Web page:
Helping the mentally ill

Here is an issue that frustrates the you-know-what out of me. On this campus, I guarantee that there are students suffering from a mental illness.

Whether it’s bipolar disorder or depression, they shouldn’t have to suffer. When many of these students cry out for help, their friends and family members assume the worst and stop interacting with them. But this loss of companionship can be devastating to someone with a mental health issue.

Many people are simply afraid to be around someone with a mental illness. They believe the lies that all people who have a mental illness are weak or will become violent. Although there are documented cases of the connection between violence and mental illness, the vast majority of people who are mentally ill are actually more likely to become victims of violence and bullying. When they reach out for help, they are pushed down by a society that says “suck it up!”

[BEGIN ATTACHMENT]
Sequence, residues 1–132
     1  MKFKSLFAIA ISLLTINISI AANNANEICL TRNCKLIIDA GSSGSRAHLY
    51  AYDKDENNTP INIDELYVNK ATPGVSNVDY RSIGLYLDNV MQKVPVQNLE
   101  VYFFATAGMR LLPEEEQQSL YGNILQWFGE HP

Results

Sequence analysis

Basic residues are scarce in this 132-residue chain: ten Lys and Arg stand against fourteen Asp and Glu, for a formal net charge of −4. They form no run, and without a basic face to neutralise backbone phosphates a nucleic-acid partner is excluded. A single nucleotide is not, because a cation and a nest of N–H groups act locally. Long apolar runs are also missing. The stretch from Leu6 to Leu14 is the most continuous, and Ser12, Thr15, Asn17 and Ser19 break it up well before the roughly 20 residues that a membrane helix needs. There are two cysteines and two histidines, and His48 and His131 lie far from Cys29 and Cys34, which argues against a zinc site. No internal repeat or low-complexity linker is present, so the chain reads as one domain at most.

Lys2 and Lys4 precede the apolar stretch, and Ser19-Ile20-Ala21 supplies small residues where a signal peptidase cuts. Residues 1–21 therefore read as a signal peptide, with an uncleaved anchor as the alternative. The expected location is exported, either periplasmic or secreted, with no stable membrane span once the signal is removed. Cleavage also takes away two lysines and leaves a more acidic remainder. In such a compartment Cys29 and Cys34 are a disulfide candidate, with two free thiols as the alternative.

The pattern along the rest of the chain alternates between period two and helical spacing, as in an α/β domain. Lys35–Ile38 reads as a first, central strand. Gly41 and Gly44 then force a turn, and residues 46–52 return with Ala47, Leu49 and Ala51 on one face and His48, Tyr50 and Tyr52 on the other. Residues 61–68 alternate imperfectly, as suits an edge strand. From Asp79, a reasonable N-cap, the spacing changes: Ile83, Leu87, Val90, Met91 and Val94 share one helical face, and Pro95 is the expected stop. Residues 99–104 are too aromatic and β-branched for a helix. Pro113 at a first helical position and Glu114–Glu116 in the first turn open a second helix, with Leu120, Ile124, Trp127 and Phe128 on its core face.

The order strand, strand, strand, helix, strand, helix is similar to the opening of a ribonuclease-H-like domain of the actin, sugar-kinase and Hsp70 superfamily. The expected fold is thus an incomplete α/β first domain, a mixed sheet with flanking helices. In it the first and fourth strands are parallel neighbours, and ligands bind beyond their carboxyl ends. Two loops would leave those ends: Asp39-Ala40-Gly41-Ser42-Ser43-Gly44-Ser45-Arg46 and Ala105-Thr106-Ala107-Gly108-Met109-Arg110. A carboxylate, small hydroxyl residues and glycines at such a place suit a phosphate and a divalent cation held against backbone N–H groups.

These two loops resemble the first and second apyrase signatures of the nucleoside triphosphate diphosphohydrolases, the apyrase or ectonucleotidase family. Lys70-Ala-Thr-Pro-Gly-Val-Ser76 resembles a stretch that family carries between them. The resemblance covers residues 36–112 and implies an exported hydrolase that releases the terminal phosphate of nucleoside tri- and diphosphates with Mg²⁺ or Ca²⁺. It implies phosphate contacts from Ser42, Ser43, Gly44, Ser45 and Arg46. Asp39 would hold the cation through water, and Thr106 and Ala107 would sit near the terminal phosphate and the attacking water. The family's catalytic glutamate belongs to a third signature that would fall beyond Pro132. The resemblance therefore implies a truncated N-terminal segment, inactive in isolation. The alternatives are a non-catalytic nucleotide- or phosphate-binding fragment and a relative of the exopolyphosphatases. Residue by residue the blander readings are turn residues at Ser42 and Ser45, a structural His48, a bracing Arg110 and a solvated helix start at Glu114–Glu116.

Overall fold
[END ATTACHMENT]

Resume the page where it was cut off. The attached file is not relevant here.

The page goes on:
Let me tell you something: Mental illness is as serious a problem as cancer. It can kill someone just like a tumor, and it requires treatment as well as the support of family and friends. We wouldn’t tell a cancer patient to solve the issue on his own, would we? Then why do we tell people with a disorder that they aren’t worth saving? In case you didn’t know, mental illness is a real biological condition that affects about 78 million Americans.

With support structures and treatment, people with a mental illness can become functioning members of society. And you can do something to help impact the lives of these people. Volunteer at a hospital or a mental health clinic; be an advocate for treatment of mental illness; campaign for compassionate treatment of the mentally ill.

We at Mercyhurst are a kindhearted group of people. We are socially merciful. I am certain that someone who is mentally ill just wants a friend. They want to get better, but they are afraid to seek treatment for fear of being judged and ostracized from society.

We can help build a better world for them. It starts with you.